In most cases I would have smiled, for a man with
a rifle is mo-re than a match for any creature. But
like a fool, I had shot my last shell the day before,
and my only defense was to use my gun as a club.
A poor defense it would be against a hundred and
fifty pound cat. I was no coward. A coward
does not choose to Iive twenty miles from nowhere
for two weeks in the grip of a Canadian winter. I
began to recall all of my knowledge of the lynx.
attempting to think of some way to outwit it. My
efforts added only a greater fear. I remembered the
words of caution an old trapper, Tom Watkins, had
uttered the day I left Saginaw. "These devilish
lynx-dirty brutes-not many any more. Meat low
in the hills, an, they'll attack man."
I knew I was in great danger-I or the horse-
for a lynx grows "snow shoes" in the winter, and
this hair on his feet can carry him over the snow
with the speed of a light animal. I could have gone
faster by cutting the straps which held the sled to
the horse, but I was in no mood to lose six hundred
dollars. Breathing between jerks and curses, I pulled
the horse after me at a pace which would soon tell
on us both.
Every minute the soft smothered cry came nearer.
I was sometimes puzzled, for I could hear no growls
or "spits" which the lynx uses in trailing big game.
Nevertheless, it consistently came nearer, in another
quarter of a mile I stopped behind a huge stone
which arose directly out of the plain. Stationed
behind this stone I was out of sight of my trail.
Catching my gun from the furs, I clasped the
barrel and prepared to protect my life by using the
stock as a club. For five minutes I stood thus as the
cry came audibly nearer. Now, from the strength
of the sound I judged it was not more than twenty
yards away. I could feel the cold perspiration on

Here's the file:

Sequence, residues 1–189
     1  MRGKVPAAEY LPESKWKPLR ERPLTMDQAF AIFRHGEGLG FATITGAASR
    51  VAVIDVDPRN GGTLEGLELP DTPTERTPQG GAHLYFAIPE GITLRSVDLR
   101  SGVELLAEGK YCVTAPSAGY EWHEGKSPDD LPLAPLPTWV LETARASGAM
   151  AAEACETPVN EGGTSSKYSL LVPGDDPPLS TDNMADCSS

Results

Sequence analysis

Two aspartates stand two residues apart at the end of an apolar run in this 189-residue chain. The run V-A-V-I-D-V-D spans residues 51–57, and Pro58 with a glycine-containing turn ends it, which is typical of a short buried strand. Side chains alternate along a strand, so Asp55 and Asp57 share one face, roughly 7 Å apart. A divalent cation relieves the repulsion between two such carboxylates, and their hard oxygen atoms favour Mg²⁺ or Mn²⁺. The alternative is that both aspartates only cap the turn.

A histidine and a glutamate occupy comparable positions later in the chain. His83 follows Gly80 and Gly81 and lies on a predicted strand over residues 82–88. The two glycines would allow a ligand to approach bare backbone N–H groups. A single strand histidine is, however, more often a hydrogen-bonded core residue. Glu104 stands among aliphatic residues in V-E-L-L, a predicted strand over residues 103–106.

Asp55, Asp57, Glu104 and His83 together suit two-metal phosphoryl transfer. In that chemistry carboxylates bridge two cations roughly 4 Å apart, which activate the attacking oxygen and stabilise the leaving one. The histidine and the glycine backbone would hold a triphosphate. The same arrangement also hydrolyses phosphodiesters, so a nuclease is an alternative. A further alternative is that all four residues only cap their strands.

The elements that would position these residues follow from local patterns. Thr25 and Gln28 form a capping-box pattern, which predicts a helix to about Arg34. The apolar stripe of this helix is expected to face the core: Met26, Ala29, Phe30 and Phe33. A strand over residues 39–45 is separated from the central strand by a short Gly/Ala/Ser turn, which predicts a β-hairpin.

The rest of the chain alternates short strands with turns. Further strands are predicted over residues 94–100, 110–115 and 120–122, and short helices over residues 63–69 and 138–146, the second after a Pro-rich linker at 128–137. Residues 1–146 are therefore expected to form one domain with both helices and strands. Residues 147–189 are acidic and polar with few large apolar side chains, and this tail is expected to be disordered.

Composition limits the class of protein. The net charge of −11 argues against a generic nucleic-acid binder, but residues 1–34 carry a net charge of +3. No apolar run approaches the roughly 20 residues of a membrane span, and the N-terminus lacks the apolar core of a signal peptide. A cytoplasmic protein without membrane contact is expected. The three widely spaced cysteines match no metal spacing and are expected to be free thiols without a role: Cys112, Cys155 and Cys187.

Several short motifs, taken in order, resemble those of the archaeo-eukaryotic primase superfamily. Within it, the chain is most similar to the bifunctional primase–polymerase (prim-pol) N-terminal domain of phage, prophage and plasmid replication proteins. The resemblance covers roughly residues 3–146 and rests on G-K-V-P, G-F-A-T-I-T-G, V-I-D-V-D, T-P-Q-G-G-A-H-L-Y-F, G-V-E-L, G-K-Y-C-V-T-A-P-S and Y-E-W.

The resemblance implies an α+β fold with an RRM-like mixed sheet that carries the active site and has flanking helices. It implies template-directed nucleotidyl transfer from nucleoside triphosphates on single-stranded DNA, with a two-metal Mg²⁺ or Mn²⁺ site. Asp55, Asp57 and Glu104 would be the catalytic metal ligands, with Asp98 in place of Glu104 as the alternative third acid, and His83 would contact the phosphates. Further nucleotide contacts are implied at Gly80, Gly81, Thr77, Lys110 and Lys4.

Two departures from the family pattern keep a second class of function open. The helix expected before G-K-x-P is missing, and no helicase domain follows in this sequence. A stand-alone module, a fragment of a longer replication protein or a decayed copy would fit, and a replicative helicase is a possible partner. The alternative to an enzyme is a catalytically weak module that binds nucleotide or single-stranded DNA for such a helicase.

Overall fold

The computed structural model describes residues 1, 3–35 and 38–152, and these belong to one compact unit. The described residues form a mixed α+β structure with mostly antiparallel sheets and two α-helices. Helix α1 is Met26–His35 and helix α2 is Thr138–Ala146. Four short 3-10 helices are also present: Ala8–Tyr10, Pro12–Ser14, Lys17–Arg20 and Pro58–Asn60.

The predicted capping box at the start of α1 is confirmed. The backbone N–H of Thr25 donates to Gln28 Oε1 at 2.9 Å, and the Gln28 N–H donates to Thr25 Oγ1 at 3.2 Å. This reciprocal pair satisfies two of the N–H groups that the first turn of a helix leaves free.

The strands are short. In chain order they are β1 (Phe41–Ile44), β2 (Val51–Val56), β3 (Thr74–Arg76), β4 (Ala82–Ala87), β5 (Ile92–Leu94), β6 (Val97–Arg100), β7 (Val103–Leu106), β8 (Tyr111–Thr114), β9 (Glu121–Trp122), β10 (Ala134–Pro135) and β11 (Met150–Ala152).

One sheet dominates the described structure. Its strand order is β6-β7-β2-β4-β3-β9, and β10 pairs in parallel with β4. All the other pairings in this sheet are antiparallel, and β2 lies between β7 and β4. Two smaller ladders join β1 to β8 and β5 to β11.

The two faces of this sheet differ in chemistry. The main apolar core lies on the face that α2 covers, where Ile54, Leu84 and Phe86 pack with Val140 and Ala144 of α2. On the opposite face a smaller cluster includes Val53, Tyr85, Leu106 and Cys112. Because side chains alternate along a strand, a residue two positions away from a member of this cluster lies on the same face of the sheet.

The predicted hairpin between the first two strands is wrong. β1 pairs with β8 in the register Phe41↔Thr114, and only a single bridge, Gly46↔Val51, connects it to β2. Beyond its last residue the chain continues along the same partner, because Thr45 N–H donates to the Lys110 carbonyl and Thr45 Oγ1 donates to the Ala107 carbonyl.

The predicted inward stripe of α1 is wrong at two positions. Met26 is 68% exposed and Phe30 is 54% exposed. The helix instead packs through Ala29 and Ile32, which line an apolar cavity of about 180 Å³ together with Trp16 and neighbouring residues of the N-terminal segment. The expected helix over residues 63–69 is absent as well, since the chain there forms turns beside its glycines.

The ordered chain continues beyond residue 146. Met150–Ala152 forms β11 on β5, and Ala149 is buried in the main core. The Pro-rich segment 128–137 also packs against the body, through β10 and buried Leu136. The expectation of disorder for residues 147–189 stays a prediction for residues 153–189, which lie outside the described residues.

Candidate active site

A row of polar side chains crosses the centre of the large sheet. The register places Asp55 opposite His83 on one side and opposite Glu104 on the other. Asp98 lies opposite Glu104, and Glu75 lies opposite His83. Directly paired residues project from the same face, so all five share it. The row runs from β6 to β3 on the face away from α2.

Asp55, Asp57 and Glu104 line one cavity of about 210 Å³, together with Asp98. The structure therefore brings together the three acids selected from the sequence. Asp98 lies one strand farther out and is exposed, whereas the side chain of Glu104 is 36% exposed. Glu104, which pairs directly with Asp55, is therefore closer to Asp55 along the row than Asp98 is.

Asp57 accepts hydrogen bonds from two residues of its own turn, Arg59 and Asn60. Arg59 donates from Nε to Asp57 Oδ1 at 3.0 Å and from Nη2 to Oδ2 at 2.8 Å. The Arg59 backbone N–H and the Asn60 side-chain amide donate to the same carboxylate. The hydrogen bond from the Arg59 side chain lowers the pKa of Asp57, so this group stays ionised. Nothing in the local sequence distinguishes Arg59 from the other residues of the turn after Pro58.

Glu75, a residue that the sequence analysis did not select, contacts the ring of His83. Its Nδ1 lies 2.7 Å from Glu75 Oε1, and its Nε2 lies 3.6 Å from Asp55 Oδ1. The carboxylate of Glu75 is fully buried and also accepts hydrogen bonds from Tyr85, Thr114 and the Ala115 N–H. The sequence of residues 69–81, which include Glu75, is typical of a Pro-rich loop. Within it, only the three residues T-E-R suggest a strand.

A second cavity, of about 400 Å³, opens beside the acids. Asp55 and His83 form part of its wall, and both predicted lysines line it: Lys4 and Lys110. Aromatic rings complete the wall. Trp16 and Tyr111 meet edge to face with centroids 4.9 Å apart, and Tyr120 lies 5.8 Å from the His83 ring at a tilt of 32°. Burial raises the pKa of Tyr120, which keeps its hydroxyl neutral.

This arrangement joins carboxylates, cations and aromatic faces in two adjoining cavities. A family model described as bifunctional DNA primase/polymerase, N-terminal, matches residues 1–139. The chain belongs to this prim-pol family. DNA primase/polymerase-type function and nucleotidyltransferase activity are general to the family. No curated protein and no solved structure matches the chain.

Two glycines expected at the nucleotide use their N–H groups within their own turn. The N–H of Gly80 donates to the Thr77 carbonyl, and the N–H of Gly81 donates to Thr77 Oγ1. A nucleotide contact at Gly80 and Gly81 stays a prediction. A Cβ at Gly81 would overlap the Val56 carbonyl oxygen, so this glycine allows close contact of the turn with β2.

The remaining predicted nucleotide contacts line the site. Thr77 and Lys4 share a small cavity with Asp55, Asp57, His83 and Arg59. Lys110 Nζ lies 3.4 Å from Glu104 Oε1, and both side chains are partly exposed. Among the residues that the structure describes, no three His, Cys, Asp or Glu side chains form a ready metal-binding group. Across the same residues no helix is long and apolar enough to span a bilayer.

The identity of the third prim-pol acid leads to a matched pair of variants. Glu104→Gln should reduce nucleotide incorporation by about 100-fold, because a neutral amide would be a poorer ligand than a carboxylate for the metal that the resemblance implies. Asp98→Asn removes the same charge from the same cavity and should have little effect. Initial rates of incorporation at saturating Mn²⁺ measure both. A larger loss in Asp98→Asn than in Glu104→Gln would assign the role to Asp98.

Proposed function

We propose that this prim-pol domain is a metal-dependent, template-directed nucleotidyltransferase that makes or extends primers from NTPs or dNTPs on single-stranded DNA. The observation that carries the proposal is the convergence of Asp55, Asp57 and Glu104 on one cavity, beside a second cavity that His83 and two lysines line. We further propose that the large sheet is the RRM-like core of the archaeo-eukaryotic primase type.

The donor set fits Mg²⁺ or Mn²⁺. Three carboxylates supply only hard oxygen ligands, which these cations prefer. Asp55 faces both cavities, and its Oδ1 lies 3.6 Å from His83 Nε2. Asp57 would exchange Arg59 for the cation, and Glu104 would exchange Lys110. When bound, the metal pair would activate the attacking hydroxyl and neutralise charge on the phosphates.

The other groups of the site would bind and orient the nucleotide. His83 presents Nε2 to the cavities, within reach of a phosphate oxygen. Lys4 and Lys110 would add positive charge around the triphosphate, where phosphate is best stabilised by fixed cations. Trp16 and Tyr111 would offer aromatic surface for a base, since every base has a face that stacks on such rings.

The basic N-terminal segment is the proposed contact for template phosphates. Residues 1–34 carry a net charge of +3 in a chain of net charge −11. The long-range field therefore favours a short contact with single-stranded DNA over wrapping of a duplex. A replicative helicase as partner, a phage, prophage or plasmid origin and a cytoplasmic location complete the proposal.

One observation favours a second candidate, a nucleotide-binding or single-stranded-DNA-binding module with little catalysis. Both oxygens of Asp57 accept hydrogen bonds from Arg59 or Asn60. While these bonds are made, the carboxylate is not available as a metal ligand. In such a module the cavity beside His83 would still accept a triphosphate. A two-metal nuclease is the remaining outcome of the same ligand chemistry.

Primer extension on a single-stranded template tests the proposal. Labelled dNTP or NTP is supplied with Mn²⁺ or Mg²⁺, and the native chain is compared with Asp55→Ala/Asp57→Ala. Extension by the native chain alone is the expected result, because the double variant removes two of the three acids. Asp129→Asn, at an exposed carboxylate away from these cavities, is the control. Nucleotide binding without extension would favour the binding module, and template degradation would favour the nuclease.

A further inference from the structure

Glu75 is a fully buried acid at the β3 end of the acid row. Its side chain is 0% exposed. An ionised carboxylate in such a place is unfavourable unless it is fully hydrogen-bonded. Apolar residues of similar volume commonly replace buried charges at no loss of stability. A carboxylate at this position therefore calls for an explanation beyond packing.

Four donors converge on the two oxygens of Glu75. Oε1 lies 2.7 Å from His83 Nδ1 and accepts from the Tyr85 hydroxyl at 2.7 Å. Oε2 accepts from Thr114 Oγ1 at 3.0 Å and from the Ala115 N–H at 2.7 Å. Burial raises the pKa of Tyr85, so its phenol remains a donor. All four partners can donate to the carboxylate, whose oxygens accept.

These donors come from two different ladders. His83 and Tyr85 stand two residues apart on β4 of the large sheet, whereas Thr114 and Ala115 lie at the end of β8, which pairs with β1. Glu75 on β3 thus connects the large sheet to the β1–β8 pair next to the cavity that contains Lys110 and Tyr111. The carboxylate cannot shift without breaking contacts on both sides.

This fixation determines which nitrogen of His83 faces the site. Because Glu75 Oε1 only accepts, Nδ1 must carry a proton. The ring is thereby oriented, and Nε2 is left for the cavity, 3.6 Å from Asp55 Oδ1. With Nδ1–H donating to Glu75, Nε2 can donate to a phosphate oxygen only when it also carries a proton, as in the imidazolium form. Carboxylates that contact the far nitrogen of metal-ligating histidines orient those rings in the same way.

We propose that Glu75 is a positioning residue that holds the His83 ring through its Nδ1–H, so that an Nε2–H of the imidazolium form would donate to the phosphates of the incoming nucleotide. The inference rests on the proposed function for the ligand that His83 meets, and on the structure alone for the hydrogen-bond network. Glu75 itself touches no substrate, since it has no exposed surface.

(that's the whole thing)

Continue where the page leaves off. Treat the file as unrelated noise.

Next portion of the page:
my forehead. The sound was very close now. I
gripped the barrel tighter and raised it high above
my head. I began to count the yards of its advance-
now five yards-three-and one. With all my
strength I prepared to strike the snarling head that
would in an instant appear around the corner of
refuge. If I could hit the head directly, I could
brain the animal at one blow, if I missed-
Then before me there stood the perpetrator of
that horrible cry, the terror of my journey, the
fiend that pursued me, this threatening death-
only Toby, my cat. LAXVRENCE FUGIT
The Tmjfc Cops WU!! Ge! You
If you want an education,
come to Technical to stay
To learn to read and write
in a very proper way,
To learn to speak or work
in the line you wish to take,
It all depends on you, the grade
that you will make.
If you loiter in the hallways,
if you wander out of line,
If you take forbidden pathways,
at most any certain time,
You are apt to get a scolding
and something else no doubt
For the trafhc cops will get you
if you don't watch out.
ik V1 1
, :M .N
X H 171 H mm-1
.' Q 652 Ljmf '
w r, , w, W Ex
Y W W5 Nk'31TAi,f si
L 1 g 1+Pff?f1 '!l
Q 1 , X 'P l in X f " -fx i,.Akx f
x g Q5 W Y
W ' H 'L'ff V X f
vi als' v' KP 14 I
O 023 16 W2
'24 , fx
,W-ik T EARSENAL CANNON g!
A -Jw mar asf, ' b yell
COACH MUELLER, DAVIS, GLUNT, T1ioMPsoN, XVORTH, MANAGER GORMAN, ULLERY, HICKMAN,
DEM MARY, MASSY
Basketball S ammary
VVhen the net season closed and the Toonerville
reporters got out their old adding machines and
calculated the points and such scored by the Tech
cagers during the past season, it was found that
Boyd Hickman copped the honors, having sunk 89
field goals and 4-8 free throws for a total of 226
Next in line came Maurice Nlassy with 221. This
very warm young forward scored at least two points
for Tech in each game played during the season.
His highest run was against the Valley Mills aggrega-
tion, in which game he checked up 21 points for
Fox Thompson with 112 markers to his credit
stood third, while Arnold Demmary carried off
fourth honors to the tune of 69 points. Earl Grims-
ley got 22, Warren Glunt got 22, Russell Davis
got 25, while WVillard Worth, Arthur Stevenson,
Robert Pebworth, Lawrence Sawin, and William
Babcock each scored points.
On December 5, 1925, the Technical netters
opened one of the most successful net seasons in the